On the cusp of history: Cleveland Indians tie AL record with 20th straight win

Francisco Lindor jumped through the door and to the Indians’ clubhouse, where the pulsating music was in an ear-splitting level.

As many of his teammates dressed quickly with a different game only 14 hours away, Cleveland’s star shortstop worked the room, exchanging high-fives with anyone he could find.

It is almost unthinkable for a team to win 20 straight games.

Usually, that only happens in the movies.

“Moneyball” has its sequel.

After a familiar script of scoring first, playing powerful defence and riding dominant pitching, the Indians extended their winning streak to 20 and matched the AL mark held by the 2002 Oakland Athletics, beating the Detroit Tigers 2-0 on Tuesday night.

Cleveland’s series, which started Aug. 24 in Boston, is tied to the majors’ second-longest in 82 years — and the Indians show no signs of quitting.

“It is special,” Lindor said. “As a kid, you dream of playing in front of a good deal of fans and the audience goes nuts. That is what you want. This is for them. It is not for us{}”

Lindor homered leading off the first and Corey Kluber (16-4) strengthened his Cy Young Award case using a four-hitter as Cleveland joined the 2002 A’s, 1935 Chicago Cubs (21) and 1916 New York Giants (26) as the only teams since 1900 to win 20 in a row.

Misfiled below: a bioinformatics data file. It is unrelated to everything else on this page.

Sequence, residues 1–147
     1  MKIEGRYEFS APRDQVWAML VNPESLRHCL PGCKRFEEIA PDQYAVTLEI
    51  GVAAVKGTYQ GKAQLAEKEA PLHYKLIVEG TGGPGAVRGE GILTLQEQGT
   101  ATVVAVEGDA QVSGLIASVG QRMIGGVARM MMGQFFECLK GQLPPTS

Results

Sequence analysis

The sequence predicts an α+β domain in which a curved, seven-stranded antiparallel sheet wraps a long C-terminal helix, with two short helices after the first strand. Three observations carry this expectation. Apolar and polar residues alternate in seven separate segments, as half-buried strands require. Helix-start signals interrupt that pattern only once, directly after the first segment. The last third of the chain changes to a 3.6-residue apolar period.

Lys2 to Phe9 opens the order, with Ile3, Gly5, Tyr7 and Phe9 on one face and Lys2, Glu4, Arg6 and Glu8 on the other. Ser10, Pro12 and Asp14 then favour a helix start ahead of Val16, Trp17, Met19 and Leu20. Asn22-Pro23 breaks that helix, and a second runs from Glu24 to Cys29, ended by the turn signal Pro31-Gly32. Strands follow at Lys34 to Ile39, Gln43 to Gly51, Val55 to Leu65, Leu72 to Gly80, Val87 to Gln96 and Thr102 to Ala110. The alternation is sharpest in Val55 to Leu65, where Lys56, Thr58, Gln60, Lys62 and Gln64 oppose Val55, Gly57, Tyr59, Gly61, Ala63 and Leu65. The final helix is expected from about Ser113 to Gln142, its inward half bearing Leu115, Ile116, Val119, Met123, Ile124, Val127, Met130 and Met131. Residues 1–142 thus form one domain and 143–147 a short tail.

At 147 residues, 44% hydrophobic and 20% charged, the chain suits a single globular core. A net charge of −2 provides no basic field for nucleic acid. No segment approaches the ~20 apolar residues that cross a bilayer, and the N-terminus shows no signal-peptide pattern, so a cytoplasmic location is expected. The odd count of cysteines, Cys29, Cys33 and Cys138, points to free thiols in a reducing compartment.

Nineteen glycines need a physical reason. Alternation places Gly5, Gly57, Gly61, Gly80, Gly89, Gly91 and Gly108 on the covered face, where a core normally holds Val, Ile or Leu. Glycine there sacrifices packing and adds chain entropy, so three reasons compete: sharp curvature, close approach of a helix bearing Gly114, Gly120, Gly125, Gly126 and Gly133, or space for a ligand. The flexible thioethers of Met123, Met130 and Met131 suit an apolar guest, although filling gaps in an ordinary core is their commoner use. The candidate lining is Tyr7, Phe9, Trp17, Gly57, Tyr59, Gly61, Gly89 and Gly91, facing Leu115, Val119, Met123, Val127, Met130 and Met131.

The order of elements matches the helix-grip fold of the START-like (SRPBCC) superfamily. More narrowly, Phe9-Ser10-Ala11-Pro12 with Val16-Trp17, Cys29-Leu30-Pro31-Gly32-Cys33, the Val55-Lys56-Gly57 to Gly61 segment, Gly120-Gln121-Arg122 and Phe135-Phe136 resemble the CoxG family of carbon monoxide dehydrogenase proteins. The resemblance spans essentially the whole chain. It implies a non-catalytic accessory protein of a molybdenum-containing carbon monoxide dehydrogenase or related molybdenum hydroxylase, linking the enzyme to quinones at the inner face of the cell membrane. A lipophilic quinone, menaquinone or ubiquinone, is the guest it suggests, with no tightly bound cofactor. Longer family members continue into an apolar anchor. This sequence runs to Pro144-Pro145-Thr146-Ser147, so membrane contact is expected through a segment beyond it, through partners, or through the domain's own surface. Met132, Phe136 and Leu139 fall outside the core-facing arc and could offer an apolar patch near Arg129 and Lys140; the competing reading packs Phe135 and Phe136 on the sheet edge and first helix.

“It’s pretty crazy,” Kluber stated. “To go almost 3 weeks without losing a match isn’t something which you really expect.”

The Progressive Field crowd of 24,654, riveted by every pitch as though it was October, stood and roared when Kluber sprinted into the mound for the ninth.

Second baseman Jose Ramirez made a sensational diving stop in short right field to throw Ian Kinsler for the second out, and after allowing a double to Alex Presley, Kluber sealed win No. 20 — and Cleveland’s seventh shutout during the series — by getting Miguel Cabrera on a simple grounder to third.

Fireworks exploded overhead and the Indians lined up single-file exactly the exact same way they have for months to celebrate yet another win in this unlikely series.